B-1 Vitamin 250mg - Thiamine - 100
Delivery time: 3 - 5 business days
Vitamin B1 (also called thiamine) is soluble in water and needs to be replenished daily, as are other vitamins in the B vitamin complex. Vitamin B-1 is also called a moral vitamin because of its effects on the nervous system and mental behavior. Vitamin B1 is involved in normal energy-producing metabolic processes, contributes to the normal functioning of the nervous system, the maintenance of normal psychological function, and the proper functioning of the heart.
Vitamin B1 for the normal functioning of the nervous system
Vitamin B1, also known as thiamine, is soluble in water and needs to be replenished daily, as are the vitamins in other B vitamin complexes. Vitamin B1 is also called a moral vitamin because of its effects on the nervous system and mental behavior.
Many B vitamins play a catalytic role in the structure of neurotransmitters and neurons.
- Thiamine is involved in normal energy-producing metabolic processes.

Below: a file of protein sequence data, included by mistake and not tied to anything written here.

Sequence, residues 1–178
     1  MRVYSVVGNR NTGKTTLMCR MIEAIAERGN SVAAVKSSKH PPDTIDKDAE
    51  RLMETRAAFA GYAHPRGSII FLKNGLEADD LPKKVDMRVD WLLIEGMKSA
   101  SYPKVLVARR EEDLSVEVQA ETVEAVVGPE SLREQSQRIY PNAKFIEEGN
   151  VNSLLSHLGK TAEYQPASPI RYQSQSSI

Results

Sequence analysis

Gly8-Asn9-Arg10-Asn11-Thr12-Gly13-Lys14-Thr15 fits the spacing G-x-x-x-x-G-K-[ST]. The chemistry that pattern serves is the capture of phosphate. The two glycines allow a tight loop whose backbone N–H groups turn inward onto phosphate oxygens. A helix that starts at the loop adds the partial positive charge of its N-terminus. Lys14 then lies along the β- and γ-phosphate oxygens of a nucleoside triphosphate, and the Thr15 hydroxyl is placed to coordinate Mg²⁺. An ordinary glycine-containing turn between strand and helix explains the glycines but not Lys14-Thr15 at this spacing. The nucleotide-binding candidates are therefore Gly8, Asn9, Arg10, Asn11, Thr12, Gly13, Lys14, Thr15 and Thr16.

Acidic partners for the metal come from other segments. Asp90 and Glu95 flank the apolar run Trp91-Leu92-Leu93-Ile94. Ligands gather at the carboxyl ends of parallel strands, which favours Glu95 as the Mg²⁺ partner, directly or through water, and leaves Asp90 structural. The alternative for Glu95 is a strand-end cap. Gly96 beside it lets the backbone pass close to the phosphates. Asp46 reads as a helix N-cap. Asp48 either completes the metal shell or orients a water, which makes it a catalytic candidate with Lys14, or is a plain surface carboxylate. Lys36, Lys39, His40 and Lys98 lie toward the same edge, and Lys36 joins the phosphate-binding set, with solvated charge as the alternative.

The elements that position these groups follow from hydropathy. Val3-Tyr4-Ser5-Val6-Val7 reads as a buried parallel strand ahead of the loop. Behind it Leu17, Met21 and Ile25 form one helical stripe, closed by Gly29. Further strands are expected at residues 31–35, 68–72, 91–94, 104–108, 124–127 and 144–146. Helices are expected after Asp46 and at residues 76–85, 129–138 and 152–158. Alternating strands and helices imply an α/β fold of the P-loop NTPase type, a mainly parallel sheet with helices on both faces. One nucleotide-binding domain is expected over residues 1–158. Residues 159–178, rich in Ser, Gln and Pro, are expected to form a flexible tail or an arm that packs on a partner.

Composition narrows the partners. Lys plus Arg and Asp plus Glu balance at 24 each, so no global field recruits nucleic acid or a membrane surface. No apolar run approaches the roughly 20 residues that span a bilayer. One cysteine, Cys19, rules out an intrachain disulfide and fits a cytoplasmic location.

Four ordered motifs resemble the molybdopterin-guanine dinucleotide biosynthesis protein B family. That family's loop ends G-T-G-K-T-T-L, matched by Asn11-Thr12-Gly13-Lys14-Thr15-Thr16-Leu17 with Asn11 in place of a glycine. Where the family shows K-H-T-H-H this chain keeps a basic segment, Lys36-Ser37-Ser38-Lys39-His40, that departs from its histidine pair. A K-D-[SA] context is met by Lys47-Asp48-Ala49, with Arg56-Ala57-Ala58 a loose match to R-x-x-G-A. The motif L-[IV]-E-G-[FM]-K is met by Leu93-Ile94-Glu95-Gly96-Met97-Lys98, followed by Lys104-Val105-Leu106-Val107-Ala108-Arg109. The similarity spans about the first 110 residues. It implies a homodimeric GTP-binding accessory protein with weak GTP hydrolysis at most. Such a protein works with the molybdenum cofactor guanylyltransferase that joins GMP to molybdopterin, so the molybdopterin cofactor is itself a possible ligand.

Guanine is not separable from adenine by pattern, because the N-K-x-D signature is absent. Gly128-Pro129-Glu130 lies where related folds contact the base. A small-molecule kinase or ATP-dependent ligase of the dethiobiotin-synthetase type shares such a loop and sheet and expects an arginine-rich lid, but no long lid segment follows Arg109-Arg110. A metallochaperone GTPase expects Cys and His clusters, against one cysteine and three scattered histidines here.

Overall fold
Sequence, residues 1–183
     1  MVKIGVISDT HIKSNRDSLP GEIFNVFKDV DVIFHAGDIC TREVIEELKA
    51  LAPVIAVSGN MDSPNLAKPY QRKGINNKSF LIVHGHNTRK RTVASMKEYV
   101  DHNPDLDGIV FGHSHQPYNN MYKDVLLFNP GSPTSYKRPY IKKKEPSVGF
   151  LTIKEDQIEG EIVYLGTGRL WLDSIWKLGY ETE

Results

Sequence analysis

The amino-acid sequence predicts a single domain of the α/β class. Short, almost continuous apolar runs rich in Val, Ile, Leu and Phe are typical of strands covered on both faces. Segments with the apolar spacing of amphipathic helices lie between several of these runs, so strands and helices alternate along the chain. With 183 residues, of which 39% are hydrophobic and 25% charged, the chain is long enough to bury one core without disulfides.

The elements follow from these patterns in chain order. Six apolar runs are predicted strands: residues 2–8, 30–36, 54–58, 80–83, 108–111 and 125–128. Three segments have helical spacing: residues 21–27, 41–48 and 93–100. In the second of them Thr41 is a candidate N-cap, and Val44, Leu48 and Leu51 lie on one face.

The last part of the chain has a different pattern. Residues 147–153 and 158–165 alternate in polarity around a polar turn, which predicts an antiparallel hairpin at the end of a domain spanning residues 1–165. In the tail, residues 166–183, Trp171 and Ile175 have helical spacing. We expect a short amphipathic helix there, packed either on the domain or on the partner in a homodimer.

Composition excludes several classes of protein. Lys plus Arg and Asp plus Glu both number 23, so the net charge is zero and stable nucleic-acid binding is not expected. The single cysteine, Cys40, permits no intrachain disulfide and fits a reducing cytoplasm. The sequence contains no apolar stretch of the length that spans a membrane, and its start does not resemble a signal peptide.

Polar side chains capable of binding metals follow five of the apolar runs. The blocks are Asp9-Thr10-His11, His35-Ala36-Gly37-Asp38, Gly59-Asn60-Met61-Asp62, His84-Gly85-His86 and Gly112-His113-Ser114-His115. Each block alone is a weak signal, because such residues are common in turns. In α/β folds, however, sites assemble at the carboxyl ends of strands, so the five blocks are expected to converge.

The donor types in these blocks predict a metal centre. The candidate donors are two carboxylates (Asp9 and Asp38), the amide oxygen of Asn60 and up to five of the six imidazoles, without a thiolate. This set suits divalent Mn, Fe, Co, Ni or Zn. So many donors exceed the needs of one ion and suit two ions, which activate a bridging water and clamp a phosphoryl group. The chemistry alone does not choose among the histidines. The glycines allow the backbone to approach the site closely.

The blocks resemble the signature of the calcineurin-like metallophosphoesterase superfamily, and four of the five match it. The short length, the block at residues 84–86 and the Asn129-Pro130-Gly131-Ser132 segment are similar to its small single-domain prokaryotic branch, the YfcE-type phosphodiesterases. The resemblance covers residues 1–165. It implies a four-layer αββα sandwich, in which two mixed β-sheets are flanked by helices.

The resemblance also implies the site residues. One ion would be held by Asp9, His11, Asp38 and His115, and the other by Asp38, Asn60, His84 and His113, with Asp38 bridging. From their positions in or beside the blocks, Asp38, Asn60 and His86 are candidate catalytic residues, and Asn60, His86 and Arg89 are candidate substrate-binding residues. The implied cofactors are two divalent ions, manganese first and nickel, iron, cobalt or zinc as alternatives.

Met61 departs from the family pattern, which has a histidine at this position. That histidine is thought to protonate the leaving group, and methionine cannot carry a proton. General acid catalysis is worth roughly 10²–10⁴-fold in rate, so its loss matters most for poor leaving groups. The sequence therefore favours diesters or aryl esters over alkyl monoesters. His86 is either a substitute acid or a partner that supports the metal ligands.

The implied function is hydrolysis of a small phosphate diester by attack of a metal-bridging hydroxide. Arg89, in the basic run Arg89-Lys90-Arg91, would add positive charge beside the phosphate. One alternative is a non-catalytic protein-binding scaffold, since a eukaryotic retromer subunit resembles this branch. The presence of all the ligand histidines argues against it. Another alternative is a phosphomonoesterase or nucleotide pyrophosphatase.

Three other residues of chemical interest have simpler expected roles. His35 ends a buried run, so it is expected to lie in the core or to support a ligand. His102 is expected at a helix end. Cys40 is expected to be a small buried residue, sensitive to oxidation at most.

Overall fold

- Thiamine contributes to the normal functioning of the nervous system.
- It contributes to the maintenance of normal psychological function.
- It also contributes to the proper functioning of the heart.
If taken continuously, it can cause vitamin C deficiency, so it is advisable to use it in proportion.
Although vitamin B1 has many useful properties, it is typically found as an ingredient in B-complex formulations or high quality multivitamins. Because members of the B-vitamin family work together more effectively than individually, if you are deficient in thiamine, it is still worth taking it as a supplement to at least one B-complex preparation.
A little history
Polish biochemist Kazimierz Funk was the first developer of the vitamin concept. In 1904 he received his doctorate in organic chemistry from the University of Bern. After graduating, he first worked at the Pasteur Institute in Paris and then did laboratory experiments at the Lister Institute in London (1910).
He devoted his research to the isolation of a hitherto unknown substance found in brown rice. In 1912, he succeeded in producing this substance from rice bran, and since the substance contained an amino group, he named it vita amine (vitamin), combining the name from the words vita (life) and amine (nitrogen-containing compound). (The letter “e” at the end of the word was later omitted when researchers discovered that vitamins may not necessarily be nitrogen-only amines.) In the naming system that developed years later, this vitamin became vtamine B-1 (Thiamine).
B vitamins work better together. So if you want vitamin B-1, take some of the other B vitamins along with it.
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